The following details the assessment plan for our English majors, including methods of assessing student progress, as well as our evaluation and revision of our assessment plan.



Assessment Plan for the Major:

In order to continue to evaluate how well our program meets the needs of our students as well as our goals for their continued growth, we have revised our mission statement and learning objectives. In addition, we have looked closely at how our courses and methods of teaching speak to each of our learning objectives.

Mission Statement

The Department of English helps St. Ambrose students develop their reading, writing, and thinking skills as preparation for their personal, civic, and professional lives. Students study authors, genres, periods, and movements of literature, exploring literature and culture through a range of critical and creative approaches. Emphasizing the richness of language, the English curriculum complements the study of other disciplines in the humanities and supports the Universityís key mission: "to enable all its students to develop intellectually, spiritually, ethically, socially, artistically, and physically in order to enrich their own lives and the lives of others."

Learning Objectives

English and English Education majors should know:

1. Significant periods, genres and works in the literary history of literature written in English.

2. The importance of the interaction between literary texts and their cultural contexts.

3. A variety of critical approaches to literature.


English and English Education majors should be able to do:

4. Write clearly and convincingly, with special regard to audience.

5. Read texts analytically and draw conclusions about them.

6. Define and explore a meaningful critical problem, research primary and secondary sources, and formulate a position on a text.

7. Speak effectively.

Methods for Assessing the Majors and Results

Our most effective means for assessing how well our students meet departmental learning objectives happens in our classrooms. Therefore, to assess how well the current curriculum contributes to student learning, we review syllabi and assignments, meet to discuss common courses, such as ENGL 101 and 401, evaluate individually a large number of student responses to assignments, and reflect on our individual courses during program review.

The following list pays special attention to our required courses, but many of our courses demonstrate similar progress in meeting our learning objectives. We have noted representative kinds of assignments that demonstrate majorsí achievements. Courses listed are only some examples of those that meet our objectives.

1. Significant periods, genres and works in the literary history of literature written in English.

Students demonstrate their knowledge of significant periods, genres and works when they complete the survey courses (201, 202, 210, 211) as well as courses focused on specific literary movements (302, 303, 304, 306, 307, 309, 310, 341, 343, 344, 345 346, 347). In these classes students participate in extensive reading assignments and discussion, and they demonstrate their progress through various types of writing assignments, both formal (essays) and informal (journals, response papers). All English classes include assessment through writing. Some include examinations as well.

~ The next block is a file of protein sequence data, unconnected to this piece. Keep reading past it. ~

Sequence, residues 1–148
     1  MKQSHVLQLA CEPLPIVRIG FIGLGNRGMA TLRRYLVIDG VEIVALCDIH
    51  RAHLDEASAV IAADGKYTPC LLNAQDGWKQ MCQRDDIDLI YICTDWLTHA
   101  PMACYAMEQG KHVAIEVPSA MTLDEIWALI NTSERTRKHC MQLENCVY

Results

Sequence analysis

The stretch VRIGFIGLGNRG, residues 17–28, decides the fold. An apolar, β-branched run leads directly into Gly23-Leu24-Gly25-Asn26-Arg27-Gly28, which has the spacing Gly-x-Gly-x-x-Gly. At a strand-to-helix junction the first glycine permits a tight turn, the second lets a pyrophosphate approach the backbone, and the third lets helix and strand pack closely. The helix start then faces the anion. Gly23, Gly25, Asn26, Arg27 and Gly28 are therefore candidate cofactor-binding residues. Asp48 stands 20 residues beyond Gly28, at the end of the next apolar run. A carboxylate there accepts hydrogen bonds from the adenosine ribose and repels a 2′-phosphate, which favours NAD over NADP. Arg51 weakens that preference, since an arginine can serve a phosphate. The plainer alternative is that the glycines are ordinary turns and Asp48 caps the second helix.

2. The importance of the interaction between literary texts and their cultural contexts.

Many of our courses focus on the interaction between what the students read and the cultural context of the text. Our survey courses (201,202, 210,211), required of all students, specifically link literature to its historical and cultural contexts, and students demonstrate their familiarity with these links through papers, group discussions, essay exams, and oral presentations.

A representative selection of our 200-level courses (220, 221, 222, 223, 243) reflects the departmentís emphasis on connecting literature to particular groups. These use papers, research, or presentations to explore the cultural contexts of the literature they study. Students become grounded in the historical, political, and social conditions relevant to the texts. In other courses, such as 240 and 242, students discover how literature is interpreted by filmmakers and record their understanding in journals, papers, and creative projects. In many of our 300-level courses (304, 307, 309, 310, 343, 344, 345) students use research to deliver oral presentations or performances as well as write papers demonstrating their understanding of the connections between literature and culture. In 343, 344, and some sections of 360, for example, students analyze the grounding of literature in nineteenth and twentieth-century technological innovation, scientific discoveries, philosophical development and migration, and they trace the ways in which writers were influenced by dance, graphic arts, architecture, music, photography and other innovations as well as by World War I and its aftermath. Finally, students writing on the theme of place (319) or memoir (321) experience literature as rooted in physical and cultural contexts.